Appianus – The Civil Wars

This review only covers about half of the book The Civil Wars (c. 165) by Appianus. Reason for this is that the book is about the period 133 until 35 BC of the history of Rome and I already have read histories covering the period after 50 BC. As historians in those days had no problems with plagiarism, differences will be minor, even as the introduction of the book mentions that Appianus did not use many sources that have survived until this day. I’m not planning to read the rest any time soon and half should still be fairly sufficient for a review.

Appianus tried to be different from other historians by writing thematic histories in which he focused on one great event or several events that were closely related. Obviously those were the great conflicts. Among those conflicts the civil wars of Rome form the most interesting topic as they describe the transition of the Republic of Rome to the Roman Empire.

The Civil Wars consists of five books of which I have read the first two. The first book covers the period 133 till 70 BC (until the formation of the first Triumvirate) and the second the period 70 till 44 BC (until the death of Julius Caesar). Of the second book I skipped some small parts describing the period after 50 BC, mostly speeches that usually don’t add much extra value for today’s readers.

As the first book covers many years Appianus does not go into very much detail. He picks the most important events and he ignores all other big events that are not related to the theme of civil war. He keeps his focus and surely manages to select the right events, but he does little explanation or theorizing about their importance. They are simply mentioned and the reader has to recognize why they are important. Also notable about the first book is that there are no speeches.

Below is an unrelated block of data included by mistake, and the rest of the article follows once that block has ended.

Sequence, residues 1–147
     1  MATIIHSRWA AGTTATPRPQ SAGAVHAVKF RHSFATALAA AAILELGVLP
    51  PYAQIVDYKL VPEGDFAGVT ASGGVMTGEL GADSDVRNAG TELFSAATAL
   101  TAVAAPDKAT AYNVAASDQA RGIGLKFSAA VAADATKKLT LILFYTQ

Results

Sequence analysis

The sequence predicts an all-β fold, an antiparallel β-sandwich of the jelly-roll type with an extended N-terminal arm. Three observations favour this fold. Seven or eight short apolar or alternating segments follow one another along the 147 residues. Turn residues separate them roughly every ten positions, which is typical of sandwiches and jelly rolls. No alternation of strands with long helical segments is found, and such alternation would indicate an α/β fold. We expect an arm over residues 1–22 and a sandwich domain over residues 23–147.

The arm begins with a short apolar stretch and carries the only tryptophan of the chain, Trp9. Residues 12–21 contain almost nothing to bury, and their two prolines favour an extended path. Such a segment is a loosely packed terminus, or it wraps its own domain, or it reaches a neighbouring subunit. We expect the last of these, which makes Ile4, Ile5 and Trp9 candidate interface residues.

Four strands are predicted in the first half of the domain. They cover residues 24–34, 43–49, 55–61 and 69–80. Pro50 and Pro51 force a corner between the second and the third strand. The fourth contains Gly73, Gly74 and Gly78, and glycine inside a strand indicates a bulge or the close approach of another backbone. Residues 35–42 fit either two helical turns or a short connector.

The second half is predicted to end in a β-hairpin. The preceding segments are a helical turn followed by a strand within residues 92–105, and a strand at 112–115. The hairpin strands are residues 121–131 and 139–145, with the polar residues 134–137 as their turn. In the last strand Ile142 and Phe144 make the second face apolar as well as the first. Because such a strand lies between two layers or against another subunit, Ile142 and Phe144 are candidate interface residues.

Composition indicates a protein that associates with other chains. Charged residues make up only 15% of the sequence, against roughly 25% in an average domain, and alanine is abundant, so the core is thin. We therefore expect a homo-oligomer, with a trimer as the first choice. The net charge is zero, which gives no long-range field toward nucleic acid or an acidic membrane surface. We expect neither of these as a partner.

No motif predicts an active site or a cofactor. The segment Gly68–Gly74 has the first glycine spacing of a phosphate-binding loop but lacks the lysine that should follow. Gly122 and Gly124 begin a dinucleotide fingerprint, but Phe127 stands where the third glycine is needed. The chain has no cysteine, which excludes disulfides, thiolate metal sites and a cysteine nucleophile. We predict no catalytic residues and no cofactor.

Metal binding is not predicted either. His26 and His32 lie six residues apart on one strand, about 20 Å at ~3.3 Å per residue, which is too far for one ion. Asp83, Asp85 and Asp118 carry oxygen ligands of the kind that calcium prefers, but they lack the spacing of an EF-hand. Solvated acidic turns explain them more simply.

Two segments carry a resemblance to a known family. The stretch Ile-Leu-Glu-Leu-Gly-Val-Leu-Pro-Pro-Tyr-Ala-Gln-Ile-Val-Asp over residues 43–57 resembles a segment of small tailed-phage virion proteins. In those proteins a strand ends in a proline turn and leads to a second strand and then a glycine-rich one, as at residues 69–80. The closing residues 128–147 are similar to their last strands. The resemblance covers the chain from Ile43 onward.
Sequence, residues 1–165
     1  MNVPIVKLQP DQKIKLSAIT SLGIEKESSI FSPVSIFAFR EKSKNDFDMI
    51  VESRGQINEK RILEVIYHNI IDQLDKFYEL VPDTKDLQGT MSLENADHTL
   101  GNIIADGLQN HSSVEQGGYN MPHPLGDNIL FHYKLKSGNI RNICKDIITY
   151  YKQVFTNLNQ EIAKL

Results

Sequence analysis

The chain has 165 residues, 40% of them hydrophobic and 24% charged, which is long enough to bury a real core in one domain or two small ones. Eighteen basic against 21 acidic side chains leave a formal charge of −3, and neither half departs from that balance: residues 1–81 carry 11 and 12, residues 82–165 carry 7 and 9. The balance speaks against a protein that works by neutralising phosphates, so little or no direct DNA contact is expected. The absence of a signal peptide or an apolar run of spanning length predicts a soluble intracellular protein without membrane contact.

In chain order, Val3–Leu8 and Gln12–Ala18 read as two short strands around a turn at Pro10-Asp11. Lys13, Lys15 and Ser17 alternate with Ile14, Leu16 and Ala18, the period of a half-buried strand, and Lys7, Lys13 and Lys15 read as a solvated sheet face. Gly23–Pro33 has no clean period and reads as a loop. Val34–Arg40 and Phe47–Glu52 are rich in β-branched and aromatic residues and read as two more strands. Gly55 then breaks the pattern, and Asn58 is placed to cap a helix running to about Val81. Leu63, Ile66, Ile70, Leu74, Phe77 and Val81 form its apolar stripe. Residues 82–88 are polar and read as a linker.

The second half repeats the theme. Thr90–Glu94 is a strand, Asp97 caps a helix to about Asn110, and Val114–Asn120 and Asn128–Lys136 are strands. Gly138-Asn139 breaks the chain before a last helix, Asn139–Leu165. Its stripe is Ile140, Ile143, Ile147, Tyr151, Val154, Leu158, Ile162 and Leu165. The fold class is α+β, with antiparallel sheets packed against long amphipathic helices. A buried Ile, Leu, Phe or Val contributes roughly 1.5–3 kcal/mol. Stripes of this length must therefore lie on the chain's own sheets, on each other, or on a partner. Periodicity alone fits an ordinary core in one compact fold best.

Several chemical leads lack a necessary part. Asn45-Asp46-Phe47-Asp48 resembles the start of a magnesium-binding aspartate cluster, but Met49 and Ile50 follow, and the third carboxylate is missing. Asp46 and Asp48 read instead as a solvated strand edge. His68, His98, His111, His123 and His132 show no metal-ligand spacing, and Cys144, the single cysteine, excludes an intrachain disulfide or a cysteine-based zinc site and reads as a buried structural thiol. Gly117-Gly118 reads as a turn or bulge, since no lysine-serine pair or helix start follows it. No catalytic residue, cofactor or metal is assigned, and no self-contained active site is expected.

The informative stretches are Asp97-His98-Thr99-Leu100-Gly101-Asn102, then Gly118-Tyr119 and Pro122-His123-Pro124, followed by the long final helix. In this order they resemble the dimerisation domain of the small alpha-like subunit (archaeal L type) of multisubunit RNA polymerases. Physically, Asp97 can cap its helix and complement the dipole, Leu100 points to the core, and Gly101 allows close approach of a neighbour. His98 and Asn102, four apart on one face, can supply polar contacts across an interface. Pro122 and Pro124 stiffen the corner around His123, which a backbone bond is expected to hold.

The second book covers a shorter period and describes how Julius Caesar, Pompeius and Crassus controlled the Roman state until their quest for greatness lead to their doom. The main part is about the actual civil wars between 49 en 45 BC which was fought all over the Roman Empire. The pace slows here and Appianus goes into much more detail. The last part during which Julius Caesar ruled as victor until his assassination is described more shortly.

Appianus’ work is more of a pure history. He sometimes comments on events but overall he leaves it to the reader to interpret what he has read. Where possible he goes into detail, but as the history is thematic, he skips a lot of events. Appianus also rarely mentions dates or something to match the dates on. I already knew when all the events happened so it didn’t bother me, but for a new reader it can be quite confusing to find out the period of time and the years when events happen. Luckily there are plenty of notes to compensate for this lack.

The prose was easy to read. If this was because of a modern translation by the translator I don’t know. I’m familiar to translators trying to uphold the style of writing as much as possible, leading to a prose that I have defined as typical latin. However, those have been mainly for Dutch translation. This was actually my first English translation of a classic latin work. I did not notice a typical style and it read like a modern (well-written) history book. As the last three books go into much more detail with a lot slower pace I cannot say how well this opinion will remain, but I think it will.

So why recommend this book? This is actually the only remaining history covering the whole period between 133 and 65 BC. It does leave out a number of great events as it focuses on the theme of civil war, but for those who want to know more about those I refer to Plutarchus’ biographies of the important men of those times. These also provide some extra background, as Appianus is not a historian to add those for extra information.

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